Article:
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“The language of advertising”.

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"The language of advertising" In order to be successful, an advert should not only be seen (or heard - depending on your target market etc), catch and hold your attention, and should not only inform, but it should persuade or influence people along a certain course of action, or to purchase the commodity being advertised. The process may be briefly and simply summarised by the AIDCA formula as described by Friedrich Lund: 1. Catching, focusing and diverting Attention to a particular message; 2. developing Interest in the product, ie a wish to find out more; 3. creating a Desire for the product (ie the benefit the product will accrue); and a 4. Conviction that replaces desire, with a belief in the necessity to possess the product; 5. Action: eg visit the showroom (class notes and lecture: 04/11/03). A variety of means and presentation, are used by advertisers as tools in order to achieve the above, some of which include the size and position of an advert; use of colour; novelty and contrast; humour; status; fear; parent and family life. Much of this is done through the use of pictures and images, however words and language remove any ambiguity which these, left to themselves, might portray. ...read more.


Research of a number of local (Dungarvan, County Waterford) and national newspapers and their advertisements, over the past few months, a few of which are highlighted below, illustrates a number of the advertising techniques which have been observed. Property advertisements I have noted that generally, most property advertising of new housing estates, is done by using an artist's impression of the new/proposed, development. Whilst this is practically feasible, it must be pointed out that these graphic representations are intended to represent the idyll and set out to do exactly that through the imagery used - see appendix 2 (Tournore Court) at the rear of this assignment. These images are then supported and their message enforced through the wording used on the advert - eg "Make the Right Move, Choose Tournore Court, Dungarvan. The very first word of this statement sets out to convince and persuade the potential purchaser to initiate/take a course of action. The following words, " the Right Move", is an appeal to a person's general tendency and desire to want to do the "right thing", and is intended to convey the impression that purchasing a house in this development (as opposed to any other in another development, and as highlighted by the word "Choose") ...read more.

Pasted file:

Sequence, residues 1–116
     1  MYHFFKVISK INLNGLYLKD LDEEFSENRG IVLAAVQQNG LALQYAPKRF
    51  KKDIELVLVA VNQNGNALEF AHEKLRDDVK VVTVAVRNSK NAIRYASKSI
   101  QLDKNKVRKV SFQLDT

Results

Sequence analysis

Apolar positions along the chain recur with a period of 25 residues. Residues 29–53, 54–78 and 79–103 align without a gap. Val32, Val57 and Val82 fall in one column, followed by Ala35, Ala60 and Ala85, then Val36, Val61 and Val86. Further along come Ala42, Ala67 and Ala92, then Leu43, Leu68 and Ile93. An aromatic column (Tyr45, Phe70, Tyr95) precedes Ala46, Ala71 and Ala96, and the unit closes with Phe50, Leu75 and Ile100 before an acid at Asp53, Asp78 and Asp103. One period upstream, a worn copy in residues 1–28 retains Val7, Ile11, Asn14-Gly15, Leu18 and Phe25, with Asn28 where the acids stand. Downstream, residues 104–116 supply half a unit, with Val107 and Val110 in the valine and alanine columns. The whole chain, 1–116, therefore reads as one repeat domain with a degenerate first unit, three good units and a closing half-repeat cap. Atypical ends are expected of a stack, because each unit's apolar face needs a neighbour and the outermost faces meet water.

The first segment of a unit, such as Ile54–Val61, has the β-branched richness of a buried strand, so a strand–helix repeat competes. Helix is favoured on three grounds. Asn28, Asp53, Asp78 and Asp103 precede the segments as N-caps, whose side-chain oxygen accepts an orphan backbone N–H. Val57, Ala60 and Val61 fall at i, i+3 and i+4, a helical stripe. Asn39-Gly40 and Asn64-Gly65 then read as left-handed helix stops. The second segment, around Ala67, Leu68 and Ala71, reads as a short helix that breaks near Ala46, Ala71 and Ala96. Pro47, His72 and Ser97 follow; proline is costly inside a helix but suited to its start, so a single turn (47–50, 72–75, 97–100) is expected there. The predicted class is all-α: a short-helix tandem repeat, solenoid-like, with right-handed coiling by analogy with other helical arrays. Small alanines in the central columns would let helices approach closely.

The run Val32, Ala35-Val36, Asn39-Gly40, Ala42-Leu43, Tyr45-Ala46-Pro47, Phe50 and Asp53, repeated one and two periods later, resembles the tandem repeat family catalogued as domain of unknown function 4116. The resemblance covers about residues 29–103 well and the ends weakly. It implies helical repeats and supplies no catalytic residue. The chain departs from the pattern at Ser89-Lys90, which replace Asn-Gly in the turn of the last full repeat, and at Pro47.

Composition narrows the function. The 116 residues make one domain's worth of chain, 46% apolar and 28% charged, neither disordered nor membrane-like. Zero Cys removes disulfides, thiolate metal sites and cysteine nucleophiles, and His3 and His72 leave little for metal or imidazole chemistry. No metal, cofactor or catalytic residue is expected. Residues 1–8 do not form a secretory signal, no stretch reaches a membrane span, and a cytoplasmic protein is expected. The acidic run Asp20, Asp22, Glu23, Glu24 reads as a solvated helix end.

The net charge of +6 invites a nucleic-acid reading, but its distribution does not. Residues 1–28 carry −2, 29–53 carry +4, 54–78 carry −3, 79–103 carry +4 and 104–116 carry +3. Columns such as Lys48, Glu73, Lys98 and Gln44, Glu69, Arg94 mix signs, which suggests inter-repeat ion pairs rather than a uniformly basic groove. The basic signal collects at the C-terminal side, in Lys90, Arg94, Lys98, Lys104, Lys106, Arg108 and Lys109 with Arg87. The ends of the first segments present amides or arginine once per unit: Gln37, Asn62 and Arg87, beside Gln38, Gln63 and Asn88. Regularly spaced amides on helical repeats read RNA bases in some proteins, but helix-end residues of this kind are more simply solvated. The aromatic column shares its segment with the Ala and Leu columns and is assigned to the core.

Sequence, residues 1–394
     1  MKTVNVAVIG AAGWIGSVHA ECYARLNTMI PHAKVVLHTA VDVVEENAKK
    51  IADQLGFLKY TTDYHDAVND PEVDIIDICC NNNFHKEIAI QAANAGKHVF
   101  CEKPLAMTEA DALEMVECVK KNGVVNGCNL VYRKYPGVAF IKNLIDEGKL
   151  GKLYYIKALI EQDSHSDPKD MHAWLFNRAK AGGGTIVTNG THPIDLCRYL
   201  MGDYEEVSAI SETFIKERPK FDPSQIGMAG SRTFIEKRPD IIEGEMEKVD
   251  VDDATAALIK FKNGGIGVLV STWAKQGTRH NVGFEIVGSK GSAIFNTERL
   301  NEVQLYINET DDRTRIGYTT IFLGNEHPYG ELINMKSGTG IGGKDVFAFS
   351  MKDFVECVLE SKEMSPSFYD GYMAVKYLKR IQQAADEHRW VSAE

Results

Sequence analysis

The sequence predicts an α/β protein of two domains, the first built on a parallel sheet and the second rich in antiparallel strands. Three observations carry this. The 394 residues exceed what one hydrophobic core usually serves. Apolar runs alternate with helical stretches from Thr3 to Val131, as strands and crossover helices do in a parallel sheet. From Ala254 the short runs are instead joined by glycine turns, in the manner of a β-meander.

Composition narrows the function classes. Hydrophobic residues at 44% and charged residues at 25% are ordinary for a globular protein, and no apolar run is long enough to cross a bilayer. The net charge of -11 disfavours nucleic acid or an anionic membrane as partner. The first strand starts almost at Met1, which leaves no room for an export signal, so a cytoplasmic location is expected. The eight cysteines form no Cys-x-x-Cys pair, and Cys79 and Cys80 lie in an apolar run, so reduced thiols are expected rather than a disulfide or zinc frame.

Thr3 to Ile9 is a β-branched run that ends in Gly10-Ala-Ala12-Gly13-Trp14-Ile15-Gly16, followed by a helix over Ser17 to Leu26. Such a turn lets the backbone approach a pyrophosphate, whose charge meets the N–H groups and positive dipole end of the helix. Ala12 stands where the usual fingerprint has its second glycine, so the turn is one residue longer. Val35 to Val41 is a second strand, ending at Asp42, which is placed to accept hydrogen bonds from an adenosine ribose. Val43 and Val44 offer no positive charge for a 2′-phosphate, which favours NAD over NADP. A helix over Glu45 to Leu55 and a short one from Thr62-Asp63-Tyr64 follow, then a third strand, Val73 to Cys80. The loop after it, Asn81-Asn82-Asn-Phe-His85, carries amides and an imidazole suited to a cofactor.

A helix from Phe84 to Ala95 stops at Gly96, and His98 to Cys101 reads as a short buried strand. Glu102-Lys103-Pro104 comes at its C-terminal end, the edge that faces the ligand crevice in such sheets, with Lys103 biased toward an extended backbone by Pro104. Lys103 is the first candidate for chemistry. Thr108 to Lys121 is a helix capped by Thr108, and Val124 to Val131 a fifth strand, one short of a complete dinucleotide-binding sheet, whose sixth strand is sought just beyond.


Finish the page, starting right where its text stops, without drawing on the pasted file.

and marketing activities and materials (some of which have been listed already), and through which legal recourse may be obtained should any person consider themselves to have been misled by any advertisement. It is therefore considered that introducing further legislation, simply to regulate property (which may be regarded in the same light as any other consumable commodity), would serve no purpose, and merely duplicate what legislation etc already exists. As has been highlighted above, a major element of advertising are the words used to attract attention, describe the product, and persuade potential purchasers to buy. However, as alluded to in the assignment topic, the way advertising can use words can often be described as less than ethical. Although it is illegal for advertising to lie, the way it can tell the truth, through the use of connotations, fuzzy rather than concrete words, logical fallacies, and careful choice of language roots, creates illusions, delusions, and the belief that advertisements are saying one thing when in fact they are saying something totally different, if indeed they are saying anything at all. This is neither good nor bad; it is advertising doing its job, selling products under extreme restrictions in time, space, and lack of immediacy. However, knowing how advertising uses language makes it possible for the average consumer to make better, more informed purchase decisions. ...read more.

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